They were dismissed as drunks and drifters. So defined, the homeless remained a problem in the background – a problem for the Salvation Army, not the government. But as their number grew, we began to take a closer look. We saw individuals discharged from mental institutions, the unemployed whose benefits had expired, and families unable to afford a decent home. And we started seeing “the homeless” as people in desperate situations. This change in our perception altered the decision process. Homelessness is now a focus of policy debate.

Information search. When we are only vaguely aware that a problem exists, our first step is often to learn more about it, and this learning is an important step in decision-making. Acid rain is a good example. First in Europe and then in North America, people noticed that trees were dying, and a few scientists began to ask why. Pollution and changes in climate were explored. Out of this active search for information, the problem gained definition: air pollution is killing trees. Then, the solutions were considered. Reducing acid rains requires a costly reduction in pollution created in regions often at a great distance from the dying trees. Thus, the information defined the nature of the policy-making.

The information has always been central to governing, and governments are primary sponsors of research both in the sciences and humanities. Such research is driven by the interests of scholars and may not have immediate relevance to policy debate. But it may have important policy implications. For example, advances in lasers and genetic engineering influence defense and social policy in ways unanticipated by scientists or their government sponsors.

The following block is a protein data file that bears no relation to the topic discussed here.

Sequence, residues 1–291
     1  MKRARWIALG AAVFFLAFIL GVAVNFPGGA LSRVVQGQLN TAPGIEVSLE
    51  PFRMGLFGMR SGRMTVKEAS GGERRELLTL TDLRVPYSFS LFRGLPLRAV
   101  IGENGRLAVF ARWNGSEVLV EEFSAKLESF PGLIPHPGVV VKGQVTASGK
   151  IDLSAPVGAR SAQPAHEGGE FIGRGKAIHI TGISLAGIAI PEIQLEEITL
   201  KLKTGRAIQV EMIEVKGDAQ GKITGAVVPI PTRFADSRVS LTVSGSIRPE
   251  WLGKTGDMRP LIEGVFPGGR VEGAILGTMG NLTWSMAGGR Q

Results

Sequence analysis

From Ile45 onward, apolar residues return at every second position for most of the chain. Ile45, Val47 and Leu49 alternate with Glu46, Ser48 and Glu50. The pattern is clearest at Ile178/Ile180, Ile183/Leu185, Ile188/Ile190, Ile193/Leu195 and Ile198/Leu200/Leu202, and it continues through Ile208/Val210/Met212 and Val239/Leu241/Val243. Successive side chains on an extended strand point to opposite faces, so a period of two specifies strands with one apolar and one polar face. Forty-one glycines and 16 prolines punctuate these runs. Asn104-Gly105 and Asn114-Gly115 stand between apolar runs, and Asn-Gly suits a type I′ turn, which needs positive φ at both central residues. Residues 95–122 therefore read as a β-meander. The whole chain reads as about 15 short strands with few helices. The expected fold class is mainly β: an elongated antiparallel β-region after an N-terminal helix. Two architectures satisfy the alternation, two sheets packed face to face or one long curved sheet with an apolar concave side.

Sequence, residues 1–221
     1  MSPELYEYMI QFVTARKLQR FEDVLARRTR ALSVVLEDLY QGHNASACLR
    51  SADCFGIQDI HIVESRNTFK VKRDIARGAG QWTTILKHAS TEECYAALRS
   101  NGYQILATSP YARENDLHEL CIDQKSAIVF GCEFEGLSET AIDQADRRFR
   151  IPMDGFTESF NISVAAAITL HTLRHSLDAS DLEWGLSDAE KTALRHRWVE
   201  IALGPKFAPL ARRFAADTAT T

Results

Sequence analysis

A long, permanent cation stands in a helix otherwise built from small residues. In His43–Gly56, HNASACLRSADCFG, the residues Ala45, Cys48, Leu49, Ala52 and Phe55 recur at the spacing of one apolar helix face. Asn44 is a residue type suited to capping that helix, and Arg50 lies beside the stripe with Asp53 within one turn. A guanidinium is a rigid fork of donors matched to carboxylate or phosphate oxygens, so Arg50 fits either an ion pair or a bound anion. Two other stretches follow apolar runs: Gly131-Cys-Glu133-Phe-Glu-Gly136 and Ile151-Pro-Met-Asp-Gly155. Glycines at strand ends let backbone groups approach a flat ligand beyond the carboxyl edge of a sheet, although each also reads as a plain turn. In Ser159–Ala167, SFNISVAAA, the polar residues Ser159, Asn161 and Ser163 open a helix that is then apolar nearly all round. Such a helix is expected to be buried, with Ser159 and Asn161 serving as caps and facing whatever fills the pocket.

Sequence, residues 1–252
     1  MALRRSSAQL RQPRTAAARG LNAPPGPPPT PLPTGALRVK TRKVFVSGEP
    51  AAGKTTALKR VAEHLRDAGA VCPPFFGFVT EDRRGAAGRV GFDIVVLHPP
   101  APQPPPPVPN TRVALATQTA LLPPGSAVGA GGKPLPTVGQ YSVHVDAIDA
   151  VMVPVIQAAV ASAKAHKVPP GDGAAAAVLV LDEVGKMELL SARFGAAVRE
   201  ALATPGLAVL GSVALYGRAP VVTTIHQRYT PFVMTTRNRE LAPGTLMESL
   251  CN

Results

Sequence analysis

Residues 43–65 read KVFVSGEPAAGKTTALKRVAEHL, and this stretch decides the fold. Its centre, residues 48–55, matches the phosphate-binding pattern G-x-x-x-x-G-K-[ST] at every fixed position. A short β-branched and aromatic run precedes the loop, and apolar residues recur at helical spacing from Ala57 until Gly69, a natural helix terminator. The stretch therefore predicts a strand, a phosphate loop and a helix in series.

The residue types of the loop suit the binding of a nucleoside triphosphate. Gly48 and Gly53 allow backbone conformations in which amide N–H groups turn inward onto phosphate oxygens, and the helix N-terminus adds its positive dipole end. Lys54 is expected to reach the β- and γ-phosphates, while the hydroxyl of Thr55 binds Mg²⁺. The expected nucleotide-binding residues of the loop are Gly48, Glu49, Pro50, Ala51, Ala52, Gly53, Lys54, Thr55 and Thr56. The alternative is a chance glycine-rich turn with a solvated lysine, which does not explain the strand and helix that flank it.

Choice. As problems are defined and information about problems and outcomes is examined, choices emerge. Weighing options and selecting are the most visible decision-making processes. Sometimes choices are difficult and taking decisions is very hard, especially when choices are not clear and their results are unpredictable. Should we negotiate with terrorists? Do we want to save the lives of hostages, as family members prefer, or do we want to eliminate any incentive for future terrorism? The selection process does not necessarily require reasoned judgments; the compromises of group decision-making often produce results that only a few individuals prefer; satisfying single interests often means ignoring the interests of others.

Evaluation. Decisions do not end with choices among alternatives. Decision-making involves evaluating the effects and actions. The evaluation may be formal (an official study of the results produced by a new government program) or informal (scanning the news, talking to colleagues). Whether formal or informal, evaluation is another form of information gathering after the choice. The distinction between information search and evaluation is arbitrary. Before decision-makers reach conclusions, most try to anticipate outcomes. The most difficult aspect of evaluating choices in establishing the criteria.

The most common criterion is the result – if things turn out well we feel that we made the right choice. But in this case, we may confuse good luck with good decision-making (consider the decision to have surgery: all surgery involves risk, and if a person chooses to take the very slight risk to remove a small tumor and dies during surgery, was the decision wrong?). Results are not universal criteria for the quality of a decision. The evaluation of any decision-making must involve looking at results and processes as well as the situation faced by decision-makers.